Responding to a journalist’s question inside the court about Pakistan Tehreek-e-Insaf Chairman Imran Khan’s bail approval by the anti-terrorism court (ATC) yesterday, Nawaz said, "the courts have double standards. We are striving against these double standards and will take this struggle to its logical end".

On Tuesday, the ATC granted bail to Imran when he appeared in court for the first time, after being declared a proclaimed offender, in several cases of violence registered against him. 

Hussain, Hasan proclaimed offenders: Judge 

With regards to Nawaz's sons, the court had already separated their trial as they have been a constant no-show in court. 

In response to a question by Nawaz's counsel today, the judge stated that the two have been declared proclaimed offenders after the expiry of their 30-day deadline to appear before the court on the weekend. 

The judge also ordered that from now on they will be mentioned as proclaimed offenders in every court order. 

Despite the light rain in the capital, several workers and leaders of the Pakistan Muslim League-Nawaz were in and outside the court complex to welcome the party chief. 

State Information Minister Marriyum Aurangzeb and Railways Minister Saad Rafique, in separate brief media talks, aired their grievances against the 'justice' being meted out to the former premier. 

Indictment, plea dismissal at last hearing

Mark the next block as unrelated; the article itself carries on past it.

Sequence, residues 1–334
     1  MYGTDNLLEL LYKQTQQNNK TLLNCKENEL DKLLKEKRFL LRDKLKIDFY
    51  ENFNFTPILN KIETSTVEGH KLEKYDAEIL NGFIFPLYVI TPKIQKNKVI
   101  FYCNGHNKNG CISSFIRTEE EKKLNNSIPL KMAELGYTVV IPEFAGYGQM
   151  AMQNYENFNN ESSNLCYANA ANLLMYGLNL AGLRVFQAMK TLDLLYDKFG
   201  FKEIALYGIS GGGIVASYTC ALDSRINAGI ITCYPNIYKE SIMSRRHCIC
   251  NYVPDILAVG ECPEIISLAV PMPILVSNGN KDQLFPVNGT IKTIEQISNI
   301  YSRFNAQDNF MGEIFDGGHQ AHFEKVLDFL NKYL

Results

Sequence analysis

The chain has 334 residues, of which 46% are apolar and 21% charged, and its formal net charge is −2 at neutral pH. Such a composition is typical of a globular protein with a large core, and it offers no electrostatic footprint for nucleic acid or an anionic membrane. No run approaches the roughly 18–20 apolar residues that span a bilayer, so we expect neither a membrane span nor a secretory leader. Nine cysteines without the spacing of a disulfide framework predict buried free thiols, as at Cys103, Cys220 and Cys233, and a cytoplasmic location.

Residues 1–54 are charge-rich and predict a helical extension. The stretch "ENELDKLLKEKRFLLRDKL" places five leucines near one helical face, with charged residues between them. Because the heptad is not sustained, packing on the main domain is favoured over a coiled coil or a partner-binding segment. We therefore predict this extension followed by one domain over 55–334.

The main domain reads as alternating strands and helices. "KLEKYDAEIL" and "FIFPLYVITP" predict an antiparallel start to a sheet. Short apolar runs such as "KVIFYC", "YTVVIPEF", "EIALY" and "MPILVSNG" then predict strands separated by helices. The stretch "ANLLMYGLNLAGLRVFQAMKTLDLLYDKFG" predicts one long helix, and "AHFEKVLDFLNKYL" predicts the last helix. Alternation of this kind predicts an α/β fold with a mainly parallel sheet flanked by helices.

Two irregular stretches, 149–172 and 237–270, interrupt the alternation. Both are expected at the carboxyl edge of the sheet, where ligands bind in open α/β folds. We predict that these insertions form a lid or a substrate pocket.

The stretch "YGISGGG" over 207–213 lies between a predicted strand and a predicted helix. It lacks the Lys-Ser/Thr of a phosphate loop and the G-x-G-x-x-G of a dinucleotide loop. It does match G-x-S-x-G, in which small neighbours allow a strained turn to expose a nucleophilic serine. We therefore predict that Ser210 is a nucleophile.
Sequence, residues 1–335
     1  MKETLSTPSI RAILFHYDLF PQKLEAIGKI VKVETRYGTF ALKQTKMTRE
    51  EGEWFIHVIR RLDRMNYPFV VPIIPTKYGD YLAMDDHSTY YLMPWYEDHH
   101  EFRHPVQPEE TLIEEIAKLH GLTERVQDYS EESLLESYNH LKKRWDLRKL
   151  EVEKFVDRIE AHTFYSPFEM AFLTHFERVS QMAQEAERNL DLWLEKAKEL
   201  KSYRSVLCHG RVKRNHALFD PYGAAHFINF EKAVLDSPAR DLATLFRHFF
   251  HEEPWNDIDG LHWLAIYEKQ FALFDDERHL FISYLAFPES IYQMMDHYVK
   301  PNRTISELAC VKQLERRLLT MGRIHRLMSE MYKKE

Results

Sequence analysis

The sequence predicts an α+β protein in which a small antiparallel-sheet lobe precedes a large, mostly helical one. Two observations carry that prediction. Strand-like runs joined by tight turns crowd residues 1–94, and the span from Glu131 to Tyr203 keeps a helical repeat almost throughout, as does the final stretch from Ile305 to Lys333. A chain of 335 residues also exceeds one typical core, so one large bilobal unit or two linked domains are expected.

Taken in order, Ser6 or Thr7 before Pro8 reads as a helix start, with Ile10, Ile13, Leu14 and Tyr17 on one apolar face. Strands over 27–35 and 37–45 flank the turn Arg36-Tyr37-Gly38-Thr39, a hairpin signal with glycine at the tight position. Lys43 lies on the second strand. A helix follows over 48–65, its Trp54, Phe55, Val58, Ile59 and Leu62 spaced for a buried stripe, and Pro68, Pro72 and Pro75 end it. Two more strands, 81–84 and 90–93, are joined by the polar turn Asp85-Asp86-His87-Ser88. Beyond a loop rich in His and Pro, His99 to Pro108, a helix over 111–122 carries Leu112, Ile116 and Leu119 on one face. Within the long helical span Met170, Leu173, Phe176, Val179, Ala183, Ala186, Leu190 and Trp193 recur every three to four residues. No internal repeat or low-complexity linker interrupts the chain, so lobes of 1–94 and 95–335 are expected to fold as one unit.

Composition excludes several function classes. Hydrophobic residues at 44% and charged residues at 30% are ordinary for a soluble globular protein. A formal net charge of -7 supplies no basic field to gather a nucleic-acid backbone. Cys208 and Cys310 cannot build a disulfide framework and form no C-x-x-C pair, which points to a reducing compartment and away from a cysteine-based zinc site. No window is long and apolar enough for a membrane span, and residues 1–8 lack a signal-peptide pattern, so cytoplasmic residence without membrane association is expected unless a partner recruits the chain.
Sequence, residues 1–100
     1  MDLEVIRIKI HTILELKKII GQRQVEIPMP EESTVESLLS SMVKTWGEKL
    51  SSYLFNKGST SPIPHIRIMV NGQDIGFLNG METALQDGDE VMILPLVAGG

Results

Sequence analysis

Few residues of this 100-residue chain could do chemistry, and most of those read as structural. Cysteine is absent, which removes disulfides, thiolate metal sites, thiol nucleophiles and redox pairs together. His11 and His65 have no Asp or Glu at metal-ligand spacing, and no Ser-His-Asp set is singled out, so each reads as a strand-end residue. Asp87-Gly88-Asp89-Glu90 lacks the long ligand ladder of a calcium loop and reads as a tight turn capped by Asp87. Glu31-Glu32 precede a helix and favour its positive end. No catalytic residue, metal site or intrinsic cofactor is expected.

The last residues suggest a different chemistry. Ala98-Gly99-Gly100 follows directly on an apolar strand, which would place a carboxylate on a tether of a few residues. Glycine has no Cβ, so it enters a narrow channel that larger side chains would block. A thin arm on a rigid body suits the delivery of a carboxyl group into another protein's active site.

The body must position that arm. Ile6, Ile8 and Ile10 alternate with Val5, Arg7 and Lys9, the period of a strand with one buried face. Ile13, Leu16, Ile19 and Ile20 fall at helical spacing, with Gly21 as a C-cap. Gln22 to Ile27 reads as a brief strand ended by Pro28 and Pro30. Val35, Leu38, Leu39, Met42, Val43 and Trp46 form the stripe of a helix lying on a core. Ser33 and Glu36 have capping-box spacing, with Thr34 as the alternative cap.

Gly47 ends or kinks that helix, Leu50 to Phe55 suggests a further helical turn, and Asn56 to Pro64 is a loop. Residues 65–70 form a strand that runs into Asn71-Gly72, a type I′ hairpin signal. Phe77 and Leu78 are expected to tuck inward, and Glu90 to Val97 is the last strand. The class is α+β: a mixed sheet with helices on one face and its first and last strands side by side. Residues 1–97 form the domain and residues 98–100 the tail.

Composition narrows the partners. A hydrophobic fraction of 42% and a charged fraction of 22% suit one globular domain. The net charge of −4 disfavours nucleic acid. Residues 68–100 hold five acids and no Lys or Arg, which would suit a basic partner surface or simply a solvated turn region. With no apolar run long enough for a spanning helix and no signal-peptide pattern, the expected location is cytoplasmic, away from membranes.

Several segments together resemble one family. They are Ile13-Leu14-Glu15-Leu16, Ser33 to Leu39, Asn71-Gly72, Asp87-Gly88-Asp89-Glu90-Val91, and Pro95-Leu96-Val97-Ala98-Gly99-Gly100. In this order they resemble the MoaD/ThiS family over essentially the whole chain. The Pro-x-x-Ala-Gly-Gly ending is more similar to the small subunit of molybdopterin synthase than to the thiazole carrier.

At the last hearing on November 15, the court had dismissed Nawaz's plea seeking the clubbing of the three references against him into one.

Moreover, at the last hearing, the court formally framed charges against Nawaz in person, as previously his legal representative had appeared on his behalf for the indictment on October 19 and 20.

Rejecting the charges in the three references and pleading not guilty, as his representative had done earlier, Nawaz said in court that he was denied the right to a fair trial and his basic rights were not protected.

The references

The NAB has in total filed three references against the Sharif family and another against Finance Minister Ishaq Dar in the accountability court, in light of the Supreme Court's orders in the Panama Papers case verdict of July 28.

The anti-graft body was given six weeks, from the date of the apex court's order, to file the reference in an accountability court while the accountability court was granted six months to wrap up the proceedings.

The references against the Sharif family pertain to the Azizia Steel Mills and Hill Metals Establishment, their London properties and over dozen offshore companies owned by the family.

Maryam and Safdar are only nominated in the London properties reference. At an earlier hearing, the court also approved Maryam and Safdar's bail in the Avenfiled properties case and ordered them to submit surety bonds worth Rs5 million each.

Safdar was also directed to take the court's permission before leaving the country from now on. The judge also provided a copy of the reference — spread over 53 volumes — to Maryam and Safdar.

NAB's Rawalpindi branch prepared two references regarding the Azizia Steel Mills and Hill Metals Establishment, and the nearly dozen companies owned by the Sharif family.

Its Lahore branch prepared a reference on the Sharif family's Avenfield apartments in London and another against Finance Minister Ishaq Dar for owning assets beyond his known sources of income.

If convicted, the accused may face up to 14 years imprisonment and lifelong disqualification from holding public office including the freezing of bank accounts and assets.  


Notification Management

Tv Shows

Subscribe to desktop notification
Powered by IMM